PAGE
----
Canada’s strong economic growth in the first quarter is likely a temporary blip that will give way to more moderate expansion during the rest of the year.
While most analysts agree that should keep interest rates on hold when the Bank of Canada announces it latest policy stance on Tuesday, a number of others are getting nervous about the central bank’s slow pace in normalizing monetary conditions, saying it increasingly runs the risk of fueling higher inflation and destabilizing the economy.
“In order to control prices and avoid wild swings in the economy, we are of the opinion that the Bank of Canada should be more aggressive in the normalization of its monetary policy than what the market expects,” Pierre Lapointe, a global macro strategist at Brockhouse Cooper, said in a note to clients on Monday.
Canada’s gross domestic product expanded at an annualized rate of 3.9% during the first three months of the year, its fastest pace since the first quarter of 2010 when the economy grew 5.6%, according to Statistics Canada.
Falling just shy of the 4% expected by economists, the country’s latest GDP figures were aided by strong growth in the mining and oil and gas industries as almost all major sectors with the exception of retail, and arts, entertainment and recreation.
Business investments in plants and equipment were up 3.2%, the fifth straight increase, while exports were up 1.6% in the first quarter, and imports rose 2.2%.
Jim Flaherty, Canada’s Finance Minister, said the GDP numbers were encouraging when asked about them during a news conference at a Chrysler plant in Etobicoke on Monday morning.
“We knew the first quarter was going to be strong, and it is strong,” he said. “It’s in line with expectations. I’m particularly encouraged by the fact that government capital spending is a smaller part of the growth.”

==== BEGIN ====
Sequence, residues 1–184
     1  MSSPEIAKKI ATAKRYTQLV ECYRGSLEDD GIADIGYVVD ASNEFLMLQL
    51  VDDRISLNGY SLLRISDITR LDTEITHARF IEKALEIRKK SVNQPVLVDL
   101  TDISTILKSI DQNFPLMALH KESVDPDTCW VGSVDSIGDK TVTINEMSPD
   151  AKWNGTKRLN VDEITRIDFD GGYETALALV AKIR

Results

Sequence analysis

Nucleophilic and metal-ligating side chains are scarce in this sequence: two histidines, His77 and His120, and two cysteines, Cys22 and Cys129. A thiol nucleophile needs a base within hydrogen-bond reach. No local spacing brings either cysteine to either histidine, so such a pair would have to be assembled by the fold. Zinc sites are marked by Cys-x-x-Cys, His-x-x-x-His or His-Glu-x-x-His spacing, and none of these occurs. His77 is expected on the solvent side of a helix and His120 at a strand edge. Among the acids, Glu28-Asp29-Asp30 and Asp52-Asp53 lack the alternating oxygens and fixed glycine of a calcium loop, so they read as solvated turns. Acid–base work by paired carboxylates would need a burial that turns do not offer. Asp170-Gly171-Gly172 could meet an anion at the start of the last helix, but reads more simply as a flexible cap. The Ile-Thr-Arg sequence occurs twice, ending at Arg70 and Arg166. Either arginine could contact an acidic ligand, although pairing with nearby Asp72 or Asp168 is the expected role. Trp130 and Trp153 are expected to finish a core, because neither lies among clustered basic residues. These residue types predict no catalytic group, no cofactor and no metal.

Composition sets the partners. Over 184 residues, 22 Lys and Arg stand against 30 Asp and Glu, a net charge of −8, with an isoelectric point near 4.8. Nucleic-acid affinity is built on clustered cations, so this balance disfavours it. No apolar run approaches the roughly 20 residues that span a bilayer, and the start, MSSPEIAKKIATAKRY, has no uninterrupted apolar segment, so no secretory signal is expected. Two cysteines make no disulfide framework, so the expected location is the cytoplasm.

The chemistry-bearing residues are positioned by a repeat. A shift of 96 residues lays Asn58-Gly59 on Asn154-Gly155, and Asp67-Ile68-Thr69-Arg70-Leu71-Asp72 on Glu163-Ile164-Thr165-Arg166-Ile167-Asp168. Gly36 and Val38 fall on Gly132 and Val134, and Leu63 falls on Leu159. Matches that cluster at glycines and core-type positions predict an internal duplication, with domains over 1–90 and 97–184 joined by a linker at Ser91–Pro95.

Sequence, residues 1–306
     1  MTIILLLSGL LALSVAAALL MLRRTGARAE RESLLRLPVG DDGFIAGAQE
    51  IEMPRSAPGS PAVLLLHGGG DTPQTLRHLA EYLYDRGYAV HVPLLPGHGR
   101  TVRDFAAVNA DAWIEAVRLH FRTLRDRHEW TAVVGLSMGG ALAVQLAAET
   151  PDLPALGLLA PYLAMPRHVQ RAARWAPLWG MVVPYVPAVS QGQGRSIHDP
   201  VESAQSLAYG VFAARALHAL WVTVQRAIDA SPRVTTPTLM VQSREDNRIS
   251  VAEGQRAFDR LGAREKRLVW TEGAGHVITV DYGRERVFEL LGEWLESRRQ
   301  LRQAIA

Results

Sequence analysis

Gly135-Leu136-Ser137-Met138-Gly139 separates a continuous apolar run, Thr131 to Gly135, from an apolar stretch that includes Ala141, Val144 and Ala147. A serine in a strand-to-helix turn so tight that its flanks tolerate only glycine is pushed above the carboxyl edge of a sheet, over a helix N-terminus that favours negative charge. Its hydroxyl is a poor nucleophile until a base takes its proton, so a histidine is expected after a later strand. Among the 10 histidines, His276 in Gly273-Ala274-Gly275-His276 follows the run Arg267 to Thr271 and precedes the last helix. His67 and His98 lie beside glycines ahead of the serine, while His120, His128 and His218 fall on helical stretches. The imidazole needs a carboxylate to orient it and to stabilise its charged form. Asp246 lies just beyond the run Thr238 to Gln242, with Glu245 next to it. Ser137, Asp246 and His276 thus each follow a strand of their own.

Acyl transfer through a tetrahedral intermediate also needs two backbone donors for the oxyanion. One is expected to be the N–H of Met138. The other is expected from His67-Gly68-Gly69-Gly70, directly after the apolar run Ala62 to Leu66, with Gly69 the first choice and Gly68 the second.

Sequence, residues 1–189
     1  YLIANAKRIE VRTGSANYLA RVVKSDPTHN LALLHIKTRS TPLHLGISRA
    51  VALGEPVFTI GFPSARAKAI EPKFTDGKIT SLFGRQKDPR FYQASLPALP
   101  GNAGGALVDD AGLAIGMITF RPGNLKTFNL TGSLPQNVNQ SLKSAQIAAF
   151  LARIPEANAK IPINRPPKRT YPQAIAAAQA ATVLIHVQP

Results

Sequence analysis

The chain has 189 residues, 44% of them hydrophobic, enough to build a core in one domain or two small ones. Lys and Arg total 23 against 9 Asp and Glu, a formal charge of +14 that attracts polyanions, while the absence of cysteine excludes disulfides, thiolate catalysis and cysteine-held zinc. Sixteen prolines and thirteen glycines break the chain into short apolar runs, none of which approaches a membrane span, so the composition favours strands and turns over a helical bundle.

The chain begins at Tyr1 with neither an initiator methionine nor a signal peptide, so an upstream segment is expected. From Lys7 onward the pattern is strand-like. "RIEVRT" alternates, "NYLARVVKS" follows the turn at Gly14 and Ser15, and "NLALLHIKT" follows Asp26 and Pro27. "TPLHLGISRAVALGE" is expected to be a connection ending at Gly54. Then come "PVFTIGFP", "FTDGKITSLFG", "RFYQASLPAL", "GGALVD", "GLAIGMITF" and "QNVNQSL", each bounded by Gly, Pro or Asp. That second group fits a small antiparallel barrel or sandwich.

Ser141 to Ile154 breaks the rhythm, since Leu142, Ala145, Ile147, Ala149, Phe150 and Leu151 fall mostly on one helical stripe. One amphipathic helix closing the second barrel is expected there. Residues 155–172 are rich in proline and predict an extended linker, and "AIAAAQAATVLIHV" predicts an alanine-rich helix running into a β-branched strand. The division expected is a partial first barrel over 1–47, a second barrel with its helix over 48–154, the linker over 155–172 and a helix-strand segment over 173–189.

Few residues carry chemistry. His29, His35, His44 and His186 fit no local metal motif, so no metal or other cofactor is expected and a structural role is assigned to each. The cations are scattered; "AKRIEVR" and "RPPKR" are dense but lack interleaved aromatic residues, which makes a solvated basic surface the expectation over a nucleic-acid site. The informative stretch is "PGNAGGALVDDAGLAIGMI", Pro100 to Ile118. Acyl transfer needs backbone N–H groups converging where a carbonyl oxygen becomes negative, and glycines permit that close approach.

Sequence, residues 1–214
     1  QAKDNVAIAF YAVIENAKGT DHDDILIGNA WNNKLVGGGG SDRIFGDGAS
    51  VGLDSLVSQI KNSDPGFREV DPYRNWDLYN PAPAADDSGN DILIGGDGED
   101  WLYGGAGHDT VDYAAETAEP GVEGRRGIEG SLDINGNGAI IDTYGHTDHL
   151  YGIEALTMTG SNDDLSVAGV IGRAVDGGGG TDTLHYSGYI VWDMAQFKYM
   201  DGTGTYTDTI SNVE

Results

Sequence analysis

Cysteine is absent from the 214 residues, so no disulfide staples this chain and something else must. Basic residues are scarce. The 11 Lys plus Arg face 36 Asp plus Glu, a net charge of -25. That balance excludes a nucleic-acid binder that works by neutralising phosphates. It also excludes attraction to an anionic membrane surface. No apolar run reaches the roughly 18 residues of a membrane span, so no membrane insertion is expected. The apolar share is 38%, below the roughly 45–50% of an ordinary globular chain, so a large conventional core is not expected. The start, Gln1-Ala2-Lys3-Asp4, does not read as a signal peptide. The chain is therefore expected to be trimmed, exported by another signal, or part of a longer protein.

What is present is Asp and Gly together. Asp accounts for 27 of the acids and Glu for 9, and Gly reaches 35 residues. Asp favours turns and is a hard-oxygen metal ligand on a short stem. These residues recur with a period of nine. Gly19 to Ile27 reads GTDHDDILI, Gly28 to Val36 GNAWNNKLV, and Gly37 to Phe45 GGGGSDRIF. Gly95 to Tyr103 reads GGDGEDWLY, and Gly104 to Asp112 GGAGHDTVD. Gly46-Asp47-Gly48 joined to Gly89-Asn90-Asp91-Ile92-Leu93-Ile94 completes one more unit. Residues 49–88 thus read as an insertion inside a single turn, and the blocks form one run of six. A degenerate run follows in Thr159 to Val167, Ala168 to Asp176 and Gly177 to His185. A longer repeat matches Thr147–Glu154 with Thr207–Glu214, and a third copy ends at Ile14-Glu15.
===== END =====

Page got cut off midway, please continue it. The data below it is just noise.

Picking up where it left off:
But Mr. Flaherty, who said he plans on tabling “essentially the same budget” as the one in March that was rejected by the opposition to spark the recent federal election, also acknowledged that Canada’s growth for the rest of the year would be more modest.
Several economists, including David Madani of Capital Economics, agreed that the country’s economic pick-up is not sustainable.
With the temporary boost to growth from higher energy and auto production already realized, Mr. Madani expects second-quarter growth as a low as 1.5%.
He said Canada faces several headwinds and forecasts that slower US economic growth and the strong Canadian dollar will continue to restrain exports, particularly in industries dependent on auto sales and housing construction in the US.
“More importantly, Canadian domestic demand appears increasingly vulnerable to a shaky housing market, where still rising prices test the limits of housing affordability and already high household debt levels,” he said in a note to clients.
Under those circumstances, Mr. Madani said the Bank of Canada is unlikely to raise interest rates anytime soon. Consensus estimates, meanwhile, predict the central bank only raising its key lending rate 25 basis points to 1.25% by the end of the third quarter and to just 1.75% by year-end.